Selection.Offset(3, 1).Range("A1").Select

Use Union(range1, range2, ...) to return multiple-area ranges—that is, ranges composed of two or more contiguous blocks of cells. The following example creates an object defined as the union of ranges A1:B2 and C3:D4, and then selects the defined range.

Dim r1 As Range, r2 As Range, myMultiAreaRange As Range 
Worksheets("sheet1").Activate 
Set r1 = Range("A1:B2") 
Set r2 = Range("C3:D4") 
Set myMultiAreaRange = Union(r1, r2) 
myMultiAreaRange.Select

If you work with selections that contain more than one area, the Areas property is useful. It divides a multiple-area selection into individual Range objects and then returns the objects as a collection. You can use the Count property on the returned collection to verify a selection that contains more than one area, as shown in the following example.

Sub NoMultiAreaSelection() 
    NumberOfSelectedAreas = Selection.Areas.Count 
    If NumberOfSelectedAreas > 1 Then 
        MsgBox "You cannot carry out this command " & _ 
            "on multi-area selections" 
    End If 
End Sub

Sample code provided by: MVP Contributor Dennis Wallentin, VSTO & .NET & Excel | About the Contributor

This example uses the AdvancedFilter method of the Range object to create a list of the unique values, and the number of times those unique values occur, in the range of column A.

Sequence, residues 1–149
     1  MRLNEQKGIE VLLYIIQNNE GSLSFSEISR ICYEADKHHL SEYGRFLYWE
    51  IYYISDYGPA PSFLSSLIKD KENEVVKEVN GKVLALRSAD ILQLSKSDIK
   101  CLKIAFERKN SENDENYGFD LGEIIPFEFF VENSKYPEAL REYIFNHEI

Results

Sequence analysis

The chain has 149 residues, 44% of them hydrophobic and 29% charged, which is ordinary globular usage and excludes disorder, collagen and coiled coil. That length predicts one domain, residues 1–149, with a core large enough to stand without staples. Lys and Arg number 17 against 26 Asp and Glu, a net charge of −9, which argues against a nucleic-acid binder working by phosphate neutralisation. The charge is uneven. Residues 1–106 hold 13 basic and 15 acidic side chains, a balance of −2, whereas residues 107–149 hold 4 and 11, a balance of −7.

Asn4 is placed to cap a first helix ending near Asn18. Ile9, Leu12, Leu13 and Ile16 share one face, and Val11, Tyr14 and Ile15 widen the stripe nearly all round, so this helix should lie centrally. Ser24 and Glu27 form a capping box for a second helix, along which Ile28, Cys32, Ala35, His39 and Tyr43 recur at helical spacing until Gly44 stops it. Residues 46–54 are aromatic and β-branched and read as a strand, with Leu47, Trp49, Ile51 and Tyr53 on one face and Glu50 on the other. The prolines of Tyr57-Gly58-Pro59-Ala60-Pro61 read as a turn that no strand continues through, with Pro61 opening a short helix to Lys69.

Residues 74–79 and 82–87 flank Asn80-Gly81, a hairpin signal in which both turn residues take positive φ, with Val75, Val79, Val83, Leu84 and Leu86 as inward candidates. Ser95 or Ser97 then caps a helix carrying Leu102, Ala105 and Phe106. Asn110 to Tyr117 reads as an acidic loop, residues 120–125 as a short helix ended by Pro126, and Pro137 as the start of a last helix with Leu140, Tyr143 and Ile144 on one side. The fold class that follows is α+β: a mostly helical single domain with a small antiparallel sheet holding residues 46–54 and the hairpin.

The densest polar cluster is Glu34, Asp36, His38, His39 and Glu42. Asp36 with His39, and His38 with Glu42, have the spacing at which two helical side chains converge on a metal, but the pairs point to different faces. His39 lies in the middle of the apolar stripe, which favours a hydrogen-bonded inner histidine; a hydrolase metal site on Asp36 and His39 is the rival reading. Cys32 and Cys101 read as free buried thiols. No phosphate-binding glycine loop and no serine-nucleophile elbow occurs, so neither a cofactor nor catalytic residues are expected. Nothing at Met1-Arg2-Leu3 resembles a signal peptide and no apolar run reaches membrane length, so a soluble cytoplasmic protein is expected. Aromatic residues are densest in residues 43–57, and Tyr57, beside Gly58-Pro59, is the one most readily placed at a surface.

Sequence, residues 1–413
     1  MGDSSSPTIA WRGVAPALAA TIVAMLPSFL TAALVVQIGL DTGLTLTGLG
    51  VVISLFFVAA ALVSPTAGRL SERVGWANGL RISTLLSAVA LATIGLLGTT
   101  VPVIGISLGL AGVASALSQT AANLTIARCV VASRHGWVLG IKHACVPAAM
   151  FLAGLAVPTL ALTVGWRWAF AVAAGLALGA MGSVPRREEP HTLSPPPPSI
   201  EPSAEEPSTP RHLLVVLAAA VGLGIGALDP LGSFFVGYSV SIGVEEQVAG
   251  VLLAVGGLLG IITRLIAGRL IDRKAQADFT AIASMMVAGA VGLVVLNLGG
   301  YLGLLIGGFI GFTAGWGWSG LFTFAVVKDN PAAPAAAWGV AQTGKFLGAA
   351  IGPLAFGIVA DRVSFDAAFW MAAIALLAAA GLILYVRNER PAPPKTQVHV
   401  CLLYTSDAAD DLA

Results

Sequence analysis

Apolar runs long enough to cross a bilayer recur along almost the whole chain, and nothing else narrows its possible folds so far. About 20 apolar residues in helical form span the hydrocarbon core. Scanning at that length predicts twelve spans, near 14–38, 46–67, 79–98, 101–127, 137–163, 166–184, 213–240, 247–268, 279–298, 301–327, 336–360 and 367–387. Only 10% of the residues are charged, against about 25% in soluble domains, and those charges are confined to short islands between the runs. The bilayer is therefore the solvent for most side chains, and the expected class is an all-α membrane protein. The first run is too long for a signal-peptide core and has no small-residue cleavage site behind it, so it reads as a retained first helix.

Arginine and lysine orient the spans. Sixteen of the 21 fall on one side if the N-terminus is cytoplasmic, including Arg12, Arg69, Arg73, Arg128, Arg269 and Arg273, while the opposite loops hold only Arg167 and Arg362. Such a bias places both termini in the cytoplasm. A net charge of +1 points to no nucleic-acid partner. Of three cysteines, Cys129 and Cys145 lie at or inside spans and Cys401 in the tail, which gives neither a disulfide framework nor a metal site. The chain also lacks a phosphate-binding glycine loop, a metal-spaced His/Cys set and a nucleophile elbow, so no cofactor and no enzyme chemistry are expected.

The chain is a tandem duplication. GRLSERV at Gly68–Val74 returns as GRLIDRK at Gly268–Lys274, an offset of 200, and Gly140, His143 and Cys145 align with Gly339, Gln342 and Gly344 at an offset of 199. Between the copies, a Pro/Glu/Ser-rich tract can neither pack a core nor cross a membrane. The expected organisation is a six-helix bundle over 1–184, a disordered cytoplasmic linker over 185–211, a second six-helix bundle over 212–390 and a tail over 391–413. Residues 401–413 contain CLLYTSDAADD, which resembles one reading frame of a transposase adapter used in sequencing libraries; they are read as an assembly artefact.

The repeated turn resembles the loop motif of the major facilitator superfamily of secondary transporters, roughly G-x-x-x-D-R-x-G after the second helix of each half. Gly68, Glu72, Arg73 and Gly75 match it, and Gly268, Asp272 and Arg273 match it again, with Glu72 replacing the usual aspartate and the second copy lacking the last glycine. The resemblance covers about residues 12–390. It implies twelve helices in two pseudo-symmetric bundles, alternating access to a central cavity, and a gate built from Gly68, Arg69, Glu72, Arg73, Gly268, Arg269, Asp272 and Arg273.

Sub Create_Unique_List_Count()
    'Excel workbook, the source and target worksheets, and the source and target ranges.
    Dim wbBook As Workbook
    Dim wsSource As Worksheet
    Dim wsTarget As Worksheet
    Dim rnSource As Range
    Dim rnTarget As Range
    Dim rnUnique As Range
    'Variant to hold the unique data
    Dim vaUnique As Variant
    'Number of unique values in the data
    Dim lnCount As Long
    
    'Initialize the Excel objects
    Set wbBook = ThisWorkbook
    With wbBook
        Set wsSource = .Worksheets("Sheet1")
        Set wsTarget = .Worksheets("Sheet2")
    End With
    
    'On the source worksheet, set the range to the data stored in column A
    With wsSource
        Set rnSource = .Range(.Range("A1"), .Range("A100").End(xlUp))
    End With
    
    'On the target worksheet, set the range as column A.
    Set rnTarget = wsTarget.Range("A1")
    
    'Use AdvancedFilter to copy the data from the source to the target,
    'while filtering for duplicate values.
    rnSource.AdvancedFilter Action:=xlFilterCopy, _
                            CopyToRange:=rnTarget, _
                            Unique:=True
                            
    'On the target worksheet, set the unique range on Column A, excluding the first cell
    '(which will contain the "List" header for the column).
    With wsTarget
        Set rnUnique = .Range(.Range("A2"), .Range("A100").End(xlUp))
    End With
    
    'Assign all the values of the Unique range into the Unique variant.
    vaUnique = rnUnique.Value
    
    'Count the number of occurrences of every unique value in the source data,
    'and list it next to its relevant value.
    For lnCount = 1 To UBound(vaUnique)
        rnUnique(lnCount, 1).Offset(0, 1).Value = _
            Application.Evaluate("COUNTIF(" & _
            rnSource.Address(External:=True) & _
            ",""" & rnUnique(lnCount, 1).Text & """)")
    Next lnCount
    
    'Label the column of occurrences with "Occurrences"
    With rnTarget.Offset(0, 1)
        .Value = "Occurrences"
        .Font.Bold = True
    End With

End Sub

Dennis Wallentin is the author of VSTO & .NET & Excel, a blog that focuses on .NET Framework solutions for Excel and Excel Services. Dennis has been developing Excel solutions for over 20 years and is also the co-author of “Professional Excel Development: The Definitive Guide to Developing Applications Using Microsoft Excel, VBA and .NET (2nd Edition)."